Spring Lake Village Offers Residents Fitness Skills for Living Well

Mobility is one of the keys to life lived well — allowing you to get up, move around and do the things you want (without pain). But mobility can decline through the years. The value of being able to take a joint through its range of motion (say, extending and flexing an elbow or ankle) is that it supports your ability to move or walk freely and easily; that’s critical for functioning well and living independently, according to the National Institute on Aging (NIA).

As we age, we may experience changes to our mobility. There are many reasons for these changes, including changes in gait (how we walk), balance, and physical strength. All of these can increase the number and severity of falls and make it harder for older adults to go out and visit with friends and family and continue doing their activities independently. Older adults who lose their mobility are less likely to remain living at home; have higher rates of disease, disability, hospitalization, and death; and have poorer quality of life. Studies have shown that regular exercise improves physical performance; the question remains: “Where do I start?”

Staying strong and staying active!

The wellness team at Spring Lake Village is here to help. The health of our residents is of the upmost importance to us and we are happy to play a role in their mobility. The team has identified five skills associated with longer independent living: lower body strength, upper body strength, flexibility, balance and agility.

One way that the wellness team helps to track changes in physical performance is through annual fitness and balance evaluations we offer free of charge to all residents. The assessment of these five skills associated with longer independent living assists the wellness team in many ways.

Assessment facilitates the early identification of older adults who are beginning to experience significant changes in multiple body systems and helps us develop an appropriate exercise plan that targets the identified impairments. When these assessments are administered on a yearly basis, the information obtained can be used to help set appropriate short- and long-term goals and motivate residents to meet each of these goals.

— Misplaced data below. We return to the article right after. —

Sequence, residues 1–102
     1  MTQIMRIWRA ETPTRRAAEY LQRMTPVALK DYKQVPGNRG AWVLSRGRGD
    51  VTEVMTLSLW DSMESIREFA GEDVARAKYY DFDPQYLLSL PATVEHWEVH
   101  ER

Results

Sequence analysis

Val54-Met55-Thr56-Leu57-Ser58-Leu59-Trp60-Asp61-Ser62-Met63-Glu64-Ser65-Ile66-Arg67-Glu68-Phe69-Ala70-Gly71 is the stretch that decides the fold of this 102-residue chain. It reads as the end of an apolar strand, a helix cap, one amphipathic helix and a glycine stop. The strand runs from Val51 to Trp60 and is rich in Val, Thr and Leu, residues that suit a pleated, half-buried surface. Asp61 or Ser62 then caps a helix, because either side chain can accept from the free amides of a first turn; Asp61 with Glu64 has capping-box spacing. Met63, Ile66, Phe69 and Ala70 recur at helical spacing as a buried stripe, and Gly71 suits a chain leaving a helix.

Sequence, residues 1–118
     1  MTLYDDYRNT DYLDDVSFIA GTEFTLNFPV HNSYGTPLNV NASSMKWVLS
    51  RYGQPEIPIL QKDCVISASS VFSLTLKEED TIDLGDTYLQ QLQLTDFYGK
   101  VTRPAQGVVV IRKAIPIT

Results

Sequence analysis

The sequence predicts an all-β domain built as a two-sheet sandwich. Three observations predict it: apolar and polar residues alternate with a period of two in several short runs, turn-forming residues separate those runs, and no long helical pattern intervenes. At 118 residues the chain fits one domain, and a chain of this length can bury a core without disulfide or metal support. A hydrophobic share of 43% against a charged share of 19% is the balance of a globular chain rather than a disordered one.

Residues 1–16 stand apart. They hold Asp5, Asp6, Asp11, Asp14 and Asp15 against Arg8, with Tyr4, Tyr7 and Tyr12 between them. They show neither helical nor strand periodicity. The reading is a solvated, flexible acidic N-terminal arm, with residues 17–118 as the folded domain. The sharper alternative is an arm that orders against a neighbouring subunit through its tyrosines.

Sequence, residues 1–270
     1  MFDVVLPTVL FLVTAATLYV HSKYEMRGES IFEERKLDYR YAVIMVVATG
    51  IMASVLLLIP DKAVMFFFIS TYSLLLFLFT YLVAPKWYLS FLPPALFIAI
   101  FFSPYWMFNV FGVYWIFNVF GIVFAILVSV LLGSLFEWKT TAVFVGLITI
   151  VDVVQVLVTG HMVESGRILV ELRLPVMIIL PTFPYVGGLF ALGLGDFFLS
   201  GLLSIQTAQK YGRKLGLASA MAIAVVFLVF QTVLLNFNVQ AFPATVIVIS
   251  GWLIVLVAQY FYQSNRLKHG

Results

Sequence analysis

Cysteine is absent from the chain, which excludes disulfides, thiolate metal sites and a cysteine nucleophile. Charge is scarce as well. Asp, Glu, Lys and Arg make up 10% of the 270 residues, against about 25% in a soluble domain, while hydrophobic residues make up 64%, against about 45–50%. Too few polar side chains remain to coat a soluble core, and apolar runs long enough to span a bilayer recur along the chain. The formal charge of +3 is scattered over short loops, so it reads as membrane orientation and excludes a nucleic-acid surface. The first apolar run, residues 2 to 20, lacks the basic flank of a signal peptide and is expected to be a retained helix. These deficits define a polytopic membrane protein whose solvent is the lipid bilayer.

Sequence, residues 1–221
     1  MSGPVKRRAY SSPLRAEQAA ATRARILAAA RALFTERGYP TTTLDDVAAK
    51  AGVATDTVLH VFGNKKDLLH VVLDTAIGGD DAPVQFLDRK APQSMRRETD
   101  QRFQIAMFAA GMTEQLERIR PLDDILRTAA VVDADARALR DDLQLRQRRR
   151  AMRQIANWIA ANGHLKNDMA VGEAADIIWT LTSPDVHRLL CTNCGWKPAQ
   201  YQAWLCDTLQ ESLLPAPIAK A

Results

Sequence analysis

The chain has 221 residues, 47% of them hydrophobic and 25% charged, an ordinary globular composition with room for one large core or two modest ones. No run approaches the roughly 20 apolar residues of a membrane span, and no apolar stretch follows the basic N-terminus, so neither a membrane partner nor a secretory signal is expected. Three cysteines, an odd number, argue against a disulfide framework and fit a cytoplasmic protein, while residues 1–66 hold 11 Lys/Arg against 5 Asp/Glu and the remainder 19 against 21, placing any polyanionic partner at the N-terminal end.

Here is an explanation of the five assessments:

  • The Sit to Stand Test measures lower body strength that is needed for numerous tasks — climbing stairs; walking; and getting out of a chair, tub or car. Increased ability in performing this test item indicates a reduced chance for falling.
  • The Arm Curl Test assesses upper body strength that is needed for performing household and other activities involving lifting and carrying things, such as groceries, suitcases, and grandchildren or pets. Both upper- and lower-body muscular strength can be a powerful predictor of the onset of disability in later years. Research also shows that, through increased exercise, it is possible for people of any age to regain some portion of lost strength and muscle mass and, as a result, experience improved functional mobility.
  • The Flexibility Test examines range of motion in the joints of the upper and lower body. Flexibility is needed for good mobility, including bending, stooping, lifting, reaching, walking and stair climbing. Lower-body flexibility, especially in the hip joint and hamstrings, helps prevent low back pain, injury and gait abnormalities, as well as reducing the risk of falls. In the upper body (shoulder area), flexibility is needed for a number of specific functional tasks, such as combing hair, zipping a back zipper, putting on or removing over-the-head garments, and reaching for a seat belt. Decreases in upper body flexibility can result in pain and postural imbalances and can cause significant disability. Even though both upper and lower body flexibility decline with age, improvements can be made through exercise and are important aspects of functional fitness for older adults.
  • The Balance Tests that are done during the annual wellness and fitness evaluation are designed to measure subtle changes in both static and dynamic balance activities performed in different sensory environments. These tests can be used to identify older adults who may be experiencing increased fall risk and the possible underlying impairments. Despite the many age-related changes occurring in the multiple systems that contribute to good balance and mobility, growing evidence suggests that we can reverse or at least slow the rate of decline occurring in some or all of these areas of balance.
  • Agility (the ability to move the body and change direction quickly) is important for a number of common mobility tasks that require quick maneuvering — such as getting on and off a bus in a timely manner; getting across the street before the light turns red; moving out of the way to avoid an accident; getting up quickly to answer a phone call or the door, or go to the bathroom. Agility is also crucial for many recreational games such as pickleball, bocce, and tennis. Studies indicate that performance on an agility test is related to walking speed, and can be a predictor of falls, and identify older adults at risk for loss of functional mobility.

I strongly believe that daily physical activity is ultimately the single most important elixir for staving off the negative impacts of aging. At Spring Lake Village, our entire staff is dedicated to helping our residents live their best lives.